Wrestling With The Tangle Of Ethical Regulations Around Living Organ Donors
A family makes the difficult decision to donate their dying father's kidney before taking him off life-support. The problem: They couldn't find a doctor who was willing to do the surgery.
The Wall Street Journal:
The Difficult Ethics Of Organ Donations From Living Donors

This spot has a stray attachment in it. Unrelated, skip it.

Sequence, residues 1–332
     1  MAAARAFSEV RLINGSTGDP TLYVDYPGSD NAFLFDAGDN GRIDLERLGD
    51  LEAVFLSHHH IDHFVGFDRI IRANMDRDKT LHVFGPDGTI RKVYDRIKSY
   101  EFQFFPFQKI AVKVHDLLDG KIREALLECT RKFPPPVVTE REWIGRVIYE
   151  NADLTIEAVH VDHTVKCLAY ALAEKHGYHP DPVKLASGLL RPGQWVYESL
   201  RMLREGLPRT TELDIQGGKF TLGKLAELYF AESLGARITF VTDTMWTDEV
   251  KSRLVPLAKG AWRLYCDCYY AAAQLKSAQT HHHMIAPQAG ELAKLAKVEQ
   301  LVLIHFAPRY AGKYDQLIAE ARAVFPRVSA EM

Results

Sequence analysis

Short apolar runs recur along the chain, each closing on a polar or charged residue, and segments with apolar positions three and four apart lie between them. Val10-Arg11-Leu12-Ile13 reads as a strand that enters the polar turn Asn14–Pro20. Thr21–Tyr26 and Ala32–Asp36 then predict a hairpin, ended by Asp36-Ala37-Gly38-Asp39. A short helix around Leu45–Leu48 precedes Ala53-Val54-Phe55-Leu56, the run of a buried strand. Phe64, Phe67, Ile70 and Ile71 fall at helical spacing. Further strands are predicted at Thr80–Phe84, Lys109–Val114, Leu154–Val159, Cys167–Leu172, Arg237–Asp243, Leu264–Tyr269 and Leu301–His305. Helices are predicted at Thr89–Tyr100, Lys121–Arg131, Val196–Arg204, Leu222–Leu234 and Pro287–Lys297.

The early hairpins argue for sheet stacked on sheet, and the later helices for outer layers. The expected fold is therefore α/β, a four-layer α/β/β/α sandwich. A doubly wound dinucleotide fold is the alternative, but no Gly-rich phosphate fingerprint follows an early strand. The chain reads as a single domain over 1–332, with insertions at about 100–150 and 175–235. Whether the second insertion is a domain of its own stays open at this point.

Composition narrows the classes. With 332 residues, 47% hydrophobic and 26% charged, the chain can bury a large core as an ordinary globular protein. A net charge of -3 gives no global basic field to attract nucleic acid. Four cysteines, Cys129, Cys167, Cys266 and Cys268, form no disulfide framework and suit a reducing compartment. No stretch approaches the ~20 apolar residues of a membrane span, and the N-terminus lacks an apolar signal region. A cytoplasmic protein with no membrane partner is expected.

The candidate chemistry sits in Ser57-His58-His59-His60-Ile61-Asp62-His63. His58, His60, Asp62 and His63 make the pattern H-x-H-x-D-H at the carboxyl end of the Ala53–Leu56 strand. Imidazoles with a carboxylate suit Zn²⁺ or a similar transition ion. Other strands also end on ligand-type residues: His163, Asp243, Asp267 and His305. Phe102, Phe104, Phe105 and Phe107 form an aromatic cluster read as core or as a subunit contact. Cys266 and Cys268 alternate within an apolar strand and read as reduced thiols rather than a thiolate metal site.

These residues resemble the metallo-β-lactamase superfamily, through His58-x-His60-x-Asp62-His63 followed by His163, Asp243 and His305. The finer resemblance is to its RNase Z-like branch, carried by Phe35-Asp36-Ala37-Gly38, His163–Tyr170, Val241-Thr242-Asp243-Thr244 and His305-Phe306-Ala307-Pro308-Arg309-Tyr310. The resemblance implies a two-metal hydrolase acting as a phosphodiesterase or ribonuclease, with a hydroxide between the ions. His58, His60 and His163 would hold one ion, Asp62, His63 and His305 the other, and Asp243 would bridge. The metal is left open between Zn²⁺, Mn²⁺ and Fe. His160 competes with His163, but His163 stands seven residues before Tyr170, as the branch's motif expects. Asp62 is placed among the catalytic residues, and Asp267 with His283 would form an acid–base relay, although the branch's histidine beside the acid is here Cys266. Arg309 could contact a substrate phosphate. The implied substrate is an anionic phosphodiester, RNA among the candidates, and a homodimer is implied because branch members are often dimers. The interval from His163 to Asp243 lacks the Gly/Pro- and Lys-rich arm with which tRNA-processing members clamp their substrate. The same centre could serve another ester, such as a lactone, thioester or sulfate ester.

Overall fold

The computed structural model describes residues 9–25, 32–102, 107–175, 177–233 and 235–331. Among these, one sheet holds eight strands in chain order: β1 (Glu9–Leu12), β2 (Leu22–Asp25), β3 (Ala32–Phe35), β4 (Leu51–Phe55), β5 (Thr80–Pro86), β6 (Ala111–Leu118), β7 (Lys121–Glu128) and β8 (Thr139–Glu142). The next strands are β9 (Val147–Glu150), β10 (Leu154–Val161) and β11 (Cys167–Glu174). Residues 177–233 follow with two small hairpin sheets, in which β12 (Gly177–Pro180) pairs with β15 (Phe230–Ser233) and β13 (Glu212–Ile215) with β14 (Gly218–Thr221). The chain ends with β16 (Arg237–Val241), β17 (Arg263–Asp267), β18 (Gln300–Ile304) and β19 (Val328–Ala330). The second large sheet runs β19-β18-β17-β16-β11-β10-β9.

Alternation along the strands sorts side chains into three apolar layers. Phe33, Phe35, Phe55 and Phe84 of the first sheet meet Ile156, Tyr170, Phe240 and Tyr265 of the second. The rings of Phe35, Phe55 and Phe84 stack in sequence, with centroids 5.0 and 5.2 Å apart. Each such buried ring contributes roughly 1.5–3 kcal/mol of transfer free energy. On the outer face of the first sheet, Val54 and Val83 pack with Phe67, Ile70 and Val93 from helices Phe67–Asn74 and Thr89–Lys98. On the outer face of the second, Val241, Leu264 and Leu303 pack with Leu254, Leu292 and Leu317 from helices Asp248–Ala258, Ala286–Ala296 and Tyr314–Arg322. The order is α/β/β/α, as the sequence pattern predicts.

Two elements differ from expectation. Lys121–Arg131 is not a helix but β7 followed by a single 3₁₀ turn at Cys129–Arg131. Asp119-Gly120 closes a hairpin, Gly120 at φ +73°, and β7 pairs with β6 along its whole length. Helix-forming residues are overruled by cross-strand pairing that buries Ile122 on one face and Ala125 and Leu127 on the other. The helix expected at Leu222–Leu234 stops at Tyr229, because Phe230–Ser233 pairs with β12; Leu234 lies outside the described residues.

Robert Osterrieder, a 52-year-old project manager, returned home to Pittsburgh from a business trip complaining about problems with his vision. Two days later, he was in the hospital on a ventilator. For the next five months, Mr. Osterrieder fought for his life. His brain swelled, and he underwent numerous medical procedures. He struggled with pneumonia and needed a feeding tube. Finally, as he lay in the hospital unconscious and with little likelihood of recovery, his family decided to remove his life support. But first, they wanted him to become an organ donor. Organ transplants are based on a longstanding rule: You can only take vital organs—a heart, for instance, or both kidneys—from someone who is dead. And removing any organ cannot be the cause of the donor’s death. (Dockser Marcus, 6/26)